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Peter Maxwell-Stuart

grip on all its ministers and congregations. It is therefore simple Protestant propaganda which makes people think of Scotland as a Presbyterian country. There were Catholic enclaves in plenty; the Episcopalian Church (essentially an Anglican version or imitation), flourished in various parts of the Lowlands; and a variety of -isms which rose to bestrew the religious landscape, like mushrooms in the night.41 In 1690, to be sure, the Westminster Parliament had attempted to impose Presbyterian government on Scotland by statute, but the results were not what that body

in Beyond the witch trials
Abstract only
David J. Appleby

, and with religious rioting in London and elsewhere. Dissenters’ meeting houses in the West Country were attacked in 1715, just as they had been a few years earlier during the Sacheverell controversy.12 There was also disunity within the nonconformist community in Devon itself, with internecine feuding that would eventually lead to the ejection of two ministers from their Exeter congregations in 1719.13 After so many decades circulating in manuscript form, the decision to publish Atkins’s sermon in Exeter itself during a time of such intense local and national unrest

in Black Bartholomew’s Day
Abstract only
Peter Davies and Robert Light

opportunities for their congregations. This is often seen as showing a resolve to improve the health of the body, as well as of the mind, by promoting ‘rational recreation’. It was part of a general movement to reform traditional working-class leisure habits, which were increasingly seen as incompatible with the values of modern society. Promoting these activities was also an effective means of encouraging church attendance. As well as providing the crucial commodity of land on which to play, religious organisations were able to assist in the organisation and running of clubs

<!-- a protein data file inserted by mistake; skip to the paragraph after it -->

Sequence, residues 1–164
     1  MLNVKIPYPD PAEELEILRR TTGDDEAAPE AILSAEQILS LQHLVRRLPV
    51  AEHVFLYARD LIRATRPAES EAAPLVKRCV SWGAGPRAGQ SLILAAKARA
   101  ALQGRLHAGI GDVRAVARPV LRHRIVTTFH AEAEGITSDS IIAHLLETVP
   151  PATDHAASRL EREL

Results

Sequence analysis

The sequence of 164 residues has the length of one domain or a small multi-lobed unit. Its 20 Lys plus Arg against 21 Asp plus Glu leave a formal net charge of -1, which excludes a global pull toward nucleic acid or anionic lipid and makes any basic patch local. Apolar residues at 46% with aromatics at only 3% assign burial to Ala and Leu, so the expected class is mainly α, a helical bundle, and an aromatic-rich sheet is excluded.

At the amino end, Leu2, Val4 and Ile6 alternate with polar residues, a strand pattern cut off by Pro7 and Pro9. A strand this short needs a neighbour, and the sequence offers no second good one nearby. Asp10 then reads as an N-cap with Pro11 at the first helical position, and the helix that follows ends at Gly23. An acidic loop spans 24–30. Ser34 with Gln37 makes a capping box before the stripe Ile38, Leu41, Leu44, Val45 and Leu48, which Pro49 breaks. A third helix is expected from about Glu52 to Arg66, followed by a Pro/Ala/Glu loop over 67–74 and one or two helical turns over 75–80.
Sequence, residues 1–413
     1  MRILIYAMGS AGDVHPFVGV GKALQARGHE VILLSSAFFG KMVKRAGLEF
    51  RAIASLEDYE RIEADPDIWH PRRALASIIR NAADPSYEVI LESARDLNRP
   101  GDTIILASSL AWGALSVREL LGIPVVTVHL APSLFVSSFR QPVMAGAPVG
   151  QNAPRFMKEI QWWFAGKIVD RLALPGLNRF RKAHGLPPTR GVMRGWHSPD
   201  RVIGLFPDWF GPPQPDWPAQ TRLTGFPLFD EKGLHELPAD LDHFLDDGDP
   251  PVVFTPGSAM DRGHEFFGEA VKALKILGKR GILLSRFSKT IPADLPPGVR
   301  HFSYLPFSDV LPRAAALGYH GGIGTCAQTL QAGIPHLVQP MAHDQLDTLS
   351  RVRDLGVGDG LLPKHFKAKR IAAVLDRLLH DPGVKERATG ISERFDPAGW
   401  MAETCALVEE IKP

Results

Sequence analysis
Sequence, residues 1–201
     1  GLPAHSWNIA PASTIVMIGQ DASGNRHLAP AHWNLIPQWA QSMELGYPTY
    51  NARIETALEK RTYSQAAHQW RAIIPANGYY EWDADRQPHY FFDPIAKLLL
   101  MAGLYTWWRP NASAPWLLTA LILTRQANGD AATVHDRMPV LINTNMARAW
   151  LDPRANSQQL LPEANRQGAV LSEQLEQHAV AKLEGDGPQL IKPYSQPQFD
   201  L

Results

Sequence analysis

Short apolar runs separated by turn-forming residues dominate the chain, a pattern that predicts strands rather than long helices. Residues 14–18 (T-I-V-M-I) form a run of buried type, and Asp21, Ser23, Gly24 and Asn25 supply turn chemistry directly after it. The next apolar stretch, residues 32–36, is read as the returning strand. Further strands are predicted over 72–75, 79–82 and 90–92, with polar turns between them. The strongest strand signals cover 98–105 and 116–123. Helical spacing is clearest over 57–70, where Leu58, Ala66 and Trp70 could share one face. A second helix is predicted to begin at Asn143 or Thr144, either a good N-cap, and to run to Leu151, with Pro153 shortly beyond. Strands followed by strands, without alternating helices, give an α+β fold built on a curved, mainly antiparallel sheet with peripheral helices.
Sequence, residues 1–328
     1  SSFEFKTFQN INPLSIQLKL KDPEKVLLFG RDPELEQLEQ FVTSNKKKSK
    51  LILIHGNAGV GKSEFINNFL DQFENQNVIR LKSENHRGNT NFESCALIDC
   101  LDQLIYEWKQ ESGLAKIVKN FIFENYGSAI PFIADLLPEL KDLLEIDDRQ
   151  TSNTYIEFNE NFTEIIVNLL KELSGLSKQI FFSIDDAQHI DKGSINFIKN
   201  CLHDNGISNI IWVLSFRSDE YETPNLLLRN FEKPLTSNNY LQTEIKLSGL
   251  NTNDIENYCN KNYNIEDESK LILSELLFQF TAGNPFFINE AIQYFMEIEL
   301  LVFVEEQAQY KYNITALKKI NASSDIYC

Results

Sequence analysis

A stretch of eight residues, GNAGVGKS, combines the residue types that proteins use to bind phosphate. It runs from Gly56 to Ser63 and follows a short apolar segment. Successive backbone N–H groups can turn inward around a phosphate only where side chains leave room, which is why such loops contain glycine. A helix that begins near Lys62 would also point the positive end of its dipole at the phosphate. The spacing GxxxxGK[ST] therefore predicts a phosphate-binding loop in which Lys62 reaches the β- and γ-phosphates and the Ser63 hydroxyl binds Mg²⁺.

in Cricket and community in England
The religious politics of burial
Julie Rugg

3981 Churchyard and cemetery:Layout 1 3/7/13 08:47 Page 172 6 ‘No differences are so deep as those which arise over the grave’:1 the religious politics of burial It has been commented – not least by this writer – that the introduction of the cemetery undermined the Church of England’s near-monopoly of burial provision. Evidence from changing burial provision in North Yorkshire provokes a return to that supposition, and raises the question of how far the Church of England did indeed lose control of burial space in the second half of the nineteenth century

in Churchyard and cemetery
Rabbi Dr Solomon Schonfeld and Manchester
Bill Williams

as a hostel, they believed, for fifty young people of sixteen years and over. The Salford City Reporter quoted Fox as saying that his plan followed a meeting with the ‘Chief Rabbi’, at whose school in London the fifty youngsters were said to be.1 In fact, the article was a local journalist’s misreading of the link which Fox had established, not with the Chief Rabbi, but with the Chief Rabbi’s Religious Emergency Council which, its name notwithstanding, was the organisational base for the ‘manifold activities’ of the ‘inspired idealist’ and maverick British orthodox